Germany OKs mission, Hollande visits carrier
German Chancellor Angela Merkel, left, and German Defense Minister Ursula von der Leyen, right, talk during a meeting of the German Federal Parliament, Bundestag, at the Reichstag building in Berlin, Germany, Friday, Dec. 4, 2015. (AP Photo/Michael Sohn)Lawmakers on Dec. 4 approved plans for Germany to take on a direct role in the campaign against the Islamic State of Iraq and the Levant (ISIL) in Syria, answering France’s appeal for help after the deadly Paris terror attacks.
The German Parliament, the Bundestag, agreed on Dec. 4 to the mandate for the deployment of six Tornado reconnaissance jets, which have no offensive fighter capability and are specialized in air-to-ground reconnaissance, a frigate to aid the French aircraft carrier Charles de Gaulle in the Mediterranean, and a total of around 1,200 troops. The Bundestag passed the mandate with an overwhelming majority of 445 votes in favor and 146 against.
A German frigate will be deployed to protect the Charles de Gaulle, from which French fighter jets are carrying out bombing runs, and the tanker aircraft could refuel them mid-air to extend their range.
A date has not been set for the deployment, which is estimated to cost 134 million euros ($142 million), although Germany and Turkey were already working this week toward a deal to station the Tornados at the İncirlik air base in southern Turkey.
The voting at the Bundestag came a few days after German Chancellor Angela Merkel’s cabinet decided to contribute to the fight against ISIL, and a day after German Defense Minister Ursula von der Leyen visited Ankara to meet her Turkish counterpart İsmet Yılmaz.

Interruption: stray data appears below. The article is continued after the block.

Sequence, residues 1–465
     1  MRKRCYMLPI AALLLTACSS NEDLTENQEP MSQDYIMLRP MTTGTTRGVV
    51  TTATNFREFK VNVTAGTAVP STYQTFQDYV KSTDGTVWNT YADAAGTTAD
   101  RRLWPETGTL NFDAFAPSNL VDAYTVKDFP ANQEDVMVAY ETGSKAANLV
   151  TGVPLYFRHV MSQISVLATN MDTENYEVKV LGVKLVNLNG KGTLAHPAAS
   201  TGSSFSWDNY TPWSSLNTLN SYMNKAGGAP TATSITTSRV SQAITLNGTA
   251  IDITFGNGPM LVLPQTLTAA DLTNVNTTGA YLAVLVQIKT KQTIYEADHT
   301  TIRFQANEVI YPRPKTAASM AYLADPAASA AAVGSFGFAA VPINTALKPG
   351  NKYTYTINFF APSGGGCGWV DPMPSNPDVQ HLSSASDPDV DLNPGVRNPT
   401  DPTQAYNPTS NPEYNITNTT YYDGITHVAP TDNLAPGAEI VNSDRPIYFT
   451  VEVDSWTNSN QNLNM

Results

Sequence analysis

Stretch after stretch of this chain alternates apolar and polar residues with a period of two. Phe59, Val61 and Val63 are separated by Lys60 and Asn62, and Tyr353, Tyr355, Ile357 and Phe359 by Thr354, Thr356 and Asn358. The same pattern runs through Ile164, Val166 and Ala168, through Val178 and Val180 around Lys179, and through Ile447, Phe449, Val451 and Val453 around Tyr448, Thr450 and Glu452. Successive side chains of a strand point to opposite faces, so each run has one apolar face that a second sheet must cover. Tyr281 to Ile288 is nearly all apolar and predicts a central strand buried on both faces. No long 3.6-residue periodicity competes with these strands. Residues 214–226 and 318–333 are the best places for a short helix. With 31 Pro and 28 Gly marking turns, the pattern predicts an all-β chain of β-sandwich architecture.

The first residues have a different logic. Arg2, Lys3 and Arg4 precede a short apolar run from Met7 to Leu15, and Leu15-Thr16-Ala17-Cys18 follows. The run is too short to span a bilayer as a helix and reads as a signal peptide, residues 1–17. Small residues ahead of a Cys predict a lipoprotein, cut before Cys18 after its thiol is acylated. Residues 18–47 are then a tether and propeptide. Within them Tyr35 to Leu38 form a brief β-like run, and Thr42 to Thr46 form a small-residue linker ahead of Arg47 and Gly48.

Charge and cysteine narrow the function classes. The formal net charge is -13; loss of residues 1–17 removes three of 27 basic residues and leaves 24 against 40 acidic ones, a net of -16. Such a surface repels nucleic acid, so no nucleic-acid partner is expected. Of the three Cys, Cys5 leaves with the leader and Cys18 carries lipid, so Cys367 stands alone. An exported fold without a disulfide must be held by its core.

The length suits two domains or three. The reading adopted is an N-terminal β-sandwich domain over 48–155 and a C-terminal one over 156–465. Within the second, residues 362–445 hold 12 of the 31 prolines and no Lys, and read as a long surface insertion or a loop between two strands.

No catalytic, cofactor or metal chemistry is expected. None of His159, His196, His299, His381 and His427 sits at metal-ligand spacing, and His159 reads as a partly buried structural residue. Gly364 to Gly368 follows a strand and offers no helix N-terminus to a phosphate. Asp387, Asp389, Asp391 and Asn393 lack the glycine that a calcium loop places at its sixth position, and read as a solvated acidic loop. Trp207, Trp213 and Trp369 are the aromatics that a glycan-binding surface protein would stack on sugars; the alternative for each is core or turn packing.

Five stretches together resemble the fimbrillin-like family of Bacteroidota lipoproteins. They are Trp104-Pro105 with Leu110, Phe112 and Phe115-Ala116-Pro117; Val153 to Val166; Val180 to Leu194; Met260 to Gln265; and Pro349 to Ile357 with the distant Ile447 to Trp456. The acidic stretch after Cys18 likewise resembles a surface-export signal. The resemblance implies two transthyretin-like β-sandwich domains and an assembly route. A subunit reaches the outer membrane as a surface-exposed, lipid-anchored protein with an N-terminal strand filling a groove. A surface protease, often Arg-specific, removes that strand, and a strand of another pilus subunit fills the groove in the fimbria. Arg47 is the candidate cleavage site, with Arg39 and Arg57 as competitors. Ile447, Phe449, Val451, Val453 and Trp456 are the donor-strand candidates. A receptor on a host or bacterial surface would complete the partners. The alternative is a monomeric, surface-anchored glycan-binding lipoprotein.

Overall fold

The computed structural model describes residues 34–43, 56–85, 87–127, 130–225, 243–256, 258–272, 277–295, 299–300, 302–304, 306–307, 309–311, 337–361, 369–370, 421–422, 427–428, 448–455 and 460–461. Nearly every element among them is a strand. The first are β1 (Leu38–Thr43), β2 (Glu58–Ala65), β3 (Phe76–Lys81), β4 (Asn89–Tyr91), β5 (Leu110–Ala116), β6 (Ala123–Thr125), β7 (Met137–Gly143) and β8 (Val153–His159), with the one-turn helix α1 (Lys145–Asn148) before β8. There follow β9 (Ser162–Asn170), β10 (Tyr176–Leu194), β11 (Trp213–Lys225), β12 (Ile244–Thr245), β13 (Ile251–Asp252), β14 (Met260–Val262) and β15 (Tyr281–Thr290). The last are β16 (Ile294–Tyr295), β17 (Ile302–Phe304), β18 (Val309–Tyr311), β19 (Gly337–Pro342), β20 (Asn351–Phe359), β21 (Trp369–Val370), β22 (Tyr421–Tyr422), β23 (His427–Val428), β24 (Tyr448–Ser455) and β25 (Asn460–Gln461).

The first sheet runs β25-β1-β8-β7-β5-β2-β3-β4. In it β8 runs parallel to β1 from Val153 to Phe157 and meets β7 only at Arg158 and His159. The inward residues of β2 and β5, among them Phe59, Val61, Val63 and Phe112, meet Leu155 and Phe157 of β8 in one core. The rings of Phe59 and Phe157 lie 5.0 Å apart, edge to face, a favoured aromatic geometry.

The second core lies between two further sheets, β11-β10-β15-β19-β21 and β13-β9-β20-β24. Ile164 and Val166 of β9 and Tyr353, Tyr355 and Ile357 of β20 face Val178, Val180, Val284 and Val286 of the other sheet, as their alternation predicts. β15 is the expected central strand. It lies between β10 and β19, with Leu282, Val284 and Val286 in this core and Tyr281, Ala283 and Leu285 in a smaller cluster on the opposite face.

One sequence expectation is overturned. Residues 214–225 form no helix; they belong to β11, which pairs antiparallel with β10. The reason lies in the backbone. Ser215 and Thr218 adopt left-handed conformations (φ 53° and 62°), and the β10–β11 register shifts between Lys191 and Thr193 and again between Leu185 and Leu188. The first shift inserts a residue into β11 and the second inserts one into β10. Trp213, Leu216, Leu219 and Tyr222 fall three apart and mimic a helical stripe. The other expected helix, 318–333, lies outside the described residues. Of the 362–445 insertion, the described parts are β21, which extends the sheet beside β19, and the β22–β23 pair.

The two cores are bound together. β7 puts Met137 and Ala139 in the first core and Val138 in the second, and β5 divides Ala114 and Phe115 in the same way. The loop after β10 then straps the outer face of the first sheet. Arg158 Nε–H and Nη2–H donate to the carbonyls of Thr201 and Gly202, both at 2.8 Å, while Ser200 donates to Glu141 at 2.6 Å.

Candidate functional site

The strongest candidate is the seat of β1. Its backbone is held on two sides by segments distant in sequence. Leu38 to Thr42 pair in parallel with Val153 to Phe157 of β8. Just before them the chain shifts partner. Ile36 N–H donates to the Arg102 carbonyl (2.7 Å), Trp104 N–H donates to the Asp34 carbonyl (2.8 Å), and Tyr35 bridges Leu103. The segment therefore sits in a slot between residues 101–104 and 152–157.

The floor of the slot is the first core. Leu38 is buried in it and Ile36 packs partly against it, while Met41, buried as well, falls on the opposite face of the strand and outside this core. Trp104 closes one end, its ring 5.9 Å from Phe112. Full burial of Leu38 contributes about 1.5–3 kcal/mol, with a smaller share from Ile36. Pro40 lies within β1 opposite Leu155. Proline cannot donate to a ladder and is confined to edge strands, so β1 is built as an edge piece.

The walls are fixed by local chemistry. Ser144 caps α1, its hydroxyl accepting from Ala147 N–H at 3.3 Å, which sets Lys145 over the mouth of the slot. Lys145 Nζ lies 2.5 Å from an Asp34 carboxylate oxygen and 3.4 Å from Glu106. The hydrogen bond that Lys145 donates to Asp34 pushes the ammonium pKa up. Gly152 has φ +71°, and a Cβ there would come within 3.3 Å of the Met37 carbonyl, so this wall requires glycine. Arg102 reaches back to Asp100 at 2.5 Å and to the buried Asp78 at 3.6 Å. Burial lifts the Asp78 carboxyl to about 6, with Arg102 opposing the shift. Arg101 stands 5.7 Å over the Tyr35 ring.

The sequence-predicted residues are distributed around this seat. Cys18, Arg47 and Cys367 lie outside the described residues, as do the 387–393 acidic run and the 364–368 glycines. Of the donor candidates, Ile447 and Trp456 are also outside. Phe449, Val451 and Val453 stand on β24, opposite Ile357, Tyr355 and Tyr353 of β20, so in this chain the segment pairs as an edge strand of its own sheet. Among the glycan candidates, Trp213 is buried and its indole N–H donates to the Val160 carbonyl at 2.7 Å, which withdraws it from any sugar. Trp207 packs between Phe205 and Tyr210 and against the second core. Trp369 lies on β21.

The green light for the mission, which could become modern Germany’s biggest ever deployment abroad, comes three weeks after ISIL militants killed 130 people in a series of attacks in Paris.
The atrocities prompted France to invoke a clause requiring European Union states to provide military assistance to wipe out ISIL in Iraq and Syria.
Welcoming the German parliament’s decision, French President Francois Hollande said it is “another example of the solidarity between France and Germany.”
Hollande arrived on Dec. 4 on the Charles de Gaulle aircraft carrier to meet air crews launching strikes on ISIL militants in Syria and Iraq, an Agence France-Presse journalist said.
“He will meet military personnel taking part in operations to intensify the fight against Daesh in Syria and Iraq,” a statement from the French presidency said earlier in the day, using an acronym for ISIL.
A broad coalition of 60 countries has been battling ISIL since August 2014, although involvement in Syria has been more limited with some Western nations wary of how military action could actually end up serving President Bashar al-Assad’s regime, which they view as no longer legitimate.
But reticence seemed to have melted away following the Paris attacks, with Britain becoming the latest country to join the U.S.-led bombing campaign over Syria on Dec. 3, striking an ISIL-held oil field.
After repeatedly ruling out the use of “boots on the ground,” U.S. President Barack Obama also agreed to send as many as 100 special forces to Iraq, with a mandate to carry out raids inside Syria.